Wednesday, February 1, 2023
Feb. 1, 2023

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Everybody Has a Story: Two unknown geeks in a garage

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I have always enjoyed being anonymous. Book reports in front of my fourth-grade class: yuk. Piano recitals: awful. Public speaking of any ilk: apoplexy.

So I just loved it when I found myself reporting behind the scenes in the mid-1970s about the growing hobby computer revolution. The hobby group called The Southern California Computer Society transformed its quarterly newsletter into a magazine called Interface Age, which took me on as editor. Now the entire country was in on the dialogue, including Bill Gates. The conversation was about what the future of hobby computing would lead to and how it would get there.

As time went on I became a freelancer for other computing magazines, one of which was called Kilobaud. The editor, John Craig, gave me monthly assignments to interview entrepreneurs and write product descriptions and reviews. One of those assignments sent me to the Bay Area to cover a startup called Apple Computer.

I flew up on a chilly Wednesday, and was picked up by Steve Jobs and Steve Wozniak in a little red pickup. My travel bag was tossed into the truck bed and off we went to a restaurant for lunch and conversation about Apple history and philosophy, which I tape-recorded. (No clue where that is now.)

These guys didn’t even have a business location. After lunch we went to one of their homes — not inside the house — inside the garage where I was shown Woz’s engineered circuit board electronically strung to a small TV. A few demos were provided, followed by Jobs’ explanation of how this innovation would one day take over homes, schools and businesses.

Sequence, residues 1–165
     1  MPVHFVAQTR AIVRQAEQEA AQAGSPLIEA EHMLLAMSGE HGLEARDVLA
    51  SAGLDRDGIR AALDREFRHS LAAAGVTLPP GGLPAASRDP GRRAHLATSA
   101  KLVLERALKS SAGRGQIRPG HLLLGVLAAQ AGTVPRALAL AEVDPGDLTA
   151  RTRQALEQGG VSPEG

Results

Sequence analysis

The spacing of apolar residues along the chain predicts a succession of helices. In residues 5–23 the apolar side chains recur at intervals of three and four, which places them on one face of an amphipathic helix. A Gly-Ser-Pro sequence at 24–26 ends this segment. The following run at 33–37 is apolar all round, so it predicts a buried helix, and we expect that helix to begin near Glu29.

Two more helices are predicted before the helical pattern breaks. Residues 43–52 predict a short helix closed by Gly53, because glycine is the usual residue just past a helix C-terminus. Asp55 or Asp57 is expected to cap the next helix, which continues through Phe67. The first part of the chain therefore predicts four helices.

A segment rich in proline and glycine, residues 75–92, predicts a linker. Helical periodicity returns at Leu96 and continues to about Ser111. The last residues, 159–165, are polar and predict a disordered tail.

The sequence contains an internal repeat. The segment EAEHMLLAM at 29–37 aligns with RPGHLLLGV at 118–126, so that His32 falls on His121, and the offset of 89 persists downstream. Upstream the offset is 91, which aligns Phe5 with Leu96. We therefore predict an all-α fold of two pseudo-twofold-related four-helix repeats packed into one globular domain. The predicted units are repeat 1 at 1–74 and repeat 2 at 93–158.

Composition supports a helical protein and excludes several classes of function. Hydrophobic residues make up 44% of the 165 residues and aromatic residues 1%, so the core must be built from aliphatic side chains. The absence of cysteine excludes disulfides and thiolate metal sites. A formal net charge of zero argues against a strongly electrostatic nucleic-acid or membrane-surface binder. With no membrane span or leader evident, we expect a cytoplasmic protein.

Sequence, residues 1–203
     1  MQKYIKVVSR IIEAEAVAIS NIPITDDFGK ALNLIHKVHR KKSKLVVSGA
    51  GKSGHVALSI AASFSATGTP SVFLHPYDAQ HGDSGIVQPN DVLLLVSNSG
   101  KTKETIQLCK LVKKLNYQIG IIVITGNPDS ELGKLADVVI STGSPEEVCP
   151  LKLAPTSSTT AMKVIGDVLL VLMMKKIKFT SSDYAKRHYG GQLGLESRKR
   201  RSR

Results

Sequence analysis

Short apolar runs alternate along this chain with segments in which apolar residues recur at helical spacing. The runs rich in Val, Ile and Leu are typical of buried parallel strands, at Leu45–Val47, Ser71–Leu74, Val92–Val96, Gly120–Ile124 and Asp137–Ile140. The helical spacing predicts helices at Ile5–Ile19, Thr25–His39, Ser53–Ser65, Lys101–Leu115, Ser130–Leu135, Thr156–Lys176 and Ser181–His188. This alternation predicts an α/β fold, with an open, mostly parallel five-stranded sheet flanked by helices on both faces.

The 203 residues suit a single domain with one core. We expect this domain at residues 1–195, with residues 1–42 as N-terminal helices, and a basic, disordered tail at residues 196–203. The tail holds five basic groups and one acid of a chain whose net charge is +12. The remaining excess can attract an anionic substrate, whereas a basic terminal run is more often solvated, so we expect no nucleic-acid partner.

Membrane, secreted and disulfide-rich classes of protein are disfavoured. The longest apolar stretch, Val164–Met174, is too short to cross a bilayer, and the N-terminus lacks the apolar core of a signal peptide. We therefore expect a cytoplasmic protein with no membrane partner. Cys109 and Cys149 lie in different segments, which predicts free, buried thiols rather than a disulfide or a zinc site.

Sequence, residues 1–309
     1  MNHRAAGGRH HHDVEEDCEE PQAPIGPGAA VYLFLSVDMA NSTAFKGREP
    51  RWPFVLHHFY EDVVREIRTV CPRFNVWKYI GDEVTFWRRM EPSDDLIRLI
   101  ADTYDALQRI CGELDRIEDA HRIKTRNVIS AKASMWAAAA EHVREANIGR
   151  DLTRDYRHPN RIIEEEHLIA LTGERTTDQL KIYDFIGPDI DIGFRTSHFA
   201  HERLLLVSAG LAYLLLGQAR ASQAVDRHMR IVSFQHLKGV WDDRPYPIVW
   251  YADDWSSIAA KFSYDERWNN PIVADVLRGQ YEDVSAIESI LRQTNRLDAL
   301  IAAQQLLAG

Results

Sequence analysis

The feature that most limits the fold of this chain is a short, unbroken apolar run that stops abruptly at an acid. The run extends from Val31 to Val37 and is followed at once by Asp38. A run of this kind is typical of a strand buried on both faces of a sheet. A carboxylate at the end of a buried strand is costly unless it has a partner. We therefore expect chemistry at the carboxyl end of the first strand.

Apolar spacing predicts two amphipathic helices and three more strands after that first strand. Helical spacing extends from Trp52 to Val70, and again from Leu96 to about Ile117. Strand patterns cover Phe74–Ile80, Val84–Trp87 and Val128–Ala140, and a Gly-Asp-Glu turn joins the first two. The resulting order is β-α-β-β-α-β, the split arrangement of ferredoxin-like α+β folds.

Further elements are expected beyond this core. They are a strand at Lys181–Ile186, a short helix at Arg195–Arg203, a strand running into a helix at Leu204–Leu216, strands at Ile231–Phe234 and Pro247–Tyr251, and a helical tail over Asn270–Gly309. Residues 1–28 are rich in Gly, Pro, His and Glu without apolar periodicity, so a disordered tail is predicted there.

Jobs was animated — he could hardly stand still for all the excitement he felt. For me, it was just another story for the magazine. I took photos of the computer kluge — not of the two Steves. Alas.

As was my style to work behind the scenes, I went on to become a graphic designer (at a drafting table with pens and inks) and copywriter (using an IBM Selectric typewriter), forming the first ad agency for high-tech wannabes. That was so much fun. I hit the ground running every day, trying to help other people to become famous and successful. Then the time came to move on. So I accepted a position with the startup InfoWorld, a newspaper that became a magazine that’s still in publication. That led to starting an advertising data collection service which grew successfully for the next 20 years, and which I sold to a similar New York firm. Ah, retirement at last.

Fast forward to May 2015. I read an article about Apple’s beginnings in Business Insider Magazine. The author invited readers to fill him in on any other history, so I did. As a result, he published an interview with me along with the article I wrote, and fact-checked my story with Steve Wozniak, who in essence said, “Yeah, that’s pretty much how it went.”

“Because the system is really easy to buy and use,” I wrote in 1977, “the system may well be in the homes of several hundred hobbyists within a few months.” How prescient that seems now!

I loved my high-tech career — being at the forefront of the technology revolution was the perfect spot for this entrepreneurial spirit. That budding industry served me well. I hope in some way I also served that industry.

Everybody Has a Story welcomes nonfiction contributions, 1,000 words maximum, and relevant photographs. Send to: neighbors@columbian.com or P.O. Box 180, Vancouver WA, 98666. Call “Everybody Has an Editor” Scott Hewitt, 360-735-4525, with questions.

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